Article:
MORNINGSIDE HEIGHTS — Parents were dismayed to discover Thursday their school still does not have its own public address system — a situation they fear could cause dangerous delays during an emergency.
The 700-student public 6-12 Columbia Secondary School opened on West 123rd Street seven years ago but has never had its own PA system, parents and school officials said.
Despite repeated lobbying to the Department of Education, CSS parents said they're still in the dark as to when the problem will get addressed.
CSS shares its building with the elementary school P.S. 125 and a KIPP Charter Middle School, but only one PA system exists to serve all three schools, said CSS dean and athletic director Arthur Puritz.
An announcement made by one school would be heard by all three under the current system, so the PA for CSS's classrooms remains off so that the speakers can be used exclusively by P.S. 125, where the system's control board is located, Puritz explained.
"I do a lot of running around," he said.
Parent Kevin Daly said staffers are often hustling through the halls "like a carrier pigeon."
Additionally, parent volunteers are often used to help with the delivery of school-wide news, said parent Alison Loeb.
"It's before 'old school,'" she said. "It's prehistoric."
What worries parents most is what could happen in a crisis — like a shooting or a fire — in which an announcement to students at one school to shelter-in-place and stay in their classrooms could not be made quickly.
In that situation, Puritz said he would have to call someone in the main P.S. 125 office on the second floor of the six-floor building and ask for the PA system to be switched on for all 25 CSS classrooms.
If that didn't work, Puritz would have to go down to main P.S. 125 office from CSS's fourth- and fifth-floor classrooms and switch it over himself — or just run from classroom to classroom spreading the word, thereby putting himself at risk, he said.
Furthermore, the PA boxes are not even working in three of CSS's classrooms, Puritz added.
"We can't have a hard lockdown," he said.
It's a worst-case scenario that has played out in the minds of many parents over the years, more than 300 of which signed a petition addressed to the DOE in March 2013 asking for their own PA system.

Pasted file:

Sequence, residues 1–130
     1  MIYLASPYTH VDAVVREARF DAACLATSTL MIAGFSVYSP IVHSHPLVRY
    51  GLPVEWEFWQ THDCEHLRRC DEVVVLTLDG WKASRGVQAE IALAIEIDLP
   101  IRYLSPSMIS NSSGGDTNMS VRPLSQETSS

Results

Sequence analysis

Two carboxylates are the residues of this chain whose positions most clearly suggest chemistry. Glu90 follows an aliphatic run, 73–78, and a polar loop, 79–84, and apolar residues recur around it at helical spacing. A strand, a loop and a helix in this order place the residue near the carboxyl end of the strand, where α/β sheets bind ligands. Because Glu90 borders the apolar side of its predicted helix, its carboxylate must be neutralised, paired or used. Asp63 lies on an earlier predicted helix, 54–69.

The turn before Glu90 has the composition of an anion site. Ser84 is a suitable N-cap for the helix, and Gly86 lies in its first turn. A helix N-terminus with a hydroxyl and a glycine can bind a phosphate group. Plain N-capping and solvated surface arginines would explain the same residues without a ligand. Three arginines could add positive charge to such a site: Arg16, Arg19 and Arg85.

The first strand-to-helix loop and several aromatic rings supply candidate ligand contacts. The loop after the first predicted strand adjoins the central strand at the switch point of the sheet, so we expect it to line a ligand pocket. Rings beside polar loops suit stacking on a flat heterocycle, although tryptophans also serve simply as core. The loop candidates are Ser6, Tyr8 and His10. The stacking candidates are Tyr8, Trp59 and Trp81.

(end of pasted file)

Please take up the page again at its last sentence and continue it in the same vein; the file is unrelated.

"It's a safety issue. It is impossible to run authentic drills for lockdowns without a PA system," CSS principal Miriam Nightengale said. "We should be prepared and it's impossible."
Just a few blocks east, the clocks and PA system at P.S. 242 on West 122nd Street are also not working, despite parent outcry and promises from the DOE that they would be fixed over the summer.
Further complicating matters at CSS, the school also doesn't have the use of a bell system since it is connected to the PA. The school got creative three years ago and spent about $5,000 from its budget to install an electronic bell system with ringing chimes. Before that, teachers relied on synchronized watches, said CSS tech specialist David Ocampo.
And at one point, a cowbell was used to signal the end of a class period, Nightengale noted.
The communication hurdles are frustrating given the school's lofty achievement goals, Daly explained. This past year, in the school's first graduating class, every CSS senior except one boy who joined the Marines was accepted and is attending college. They're headed to elite institutions like Harvard, Columbia and MIT, among others, according to parents.
"We’re trying to cram in as much instructional time as possible," Daly said.
Parents and administrators said they've been told by the DOE that the PA system is working, a fact spokeswoman Marge Feinberg reiterated to DNAinfo Thursday.
Feinberg also said that a new system is on its way, but did not say when it would arrive. Parents said that's a line they've heard before, and they're frustrated the work wasn't started over the summer.
"The fact that we have to campaign in order to get a PA system for years on someone’s list is outrageous," Daly said.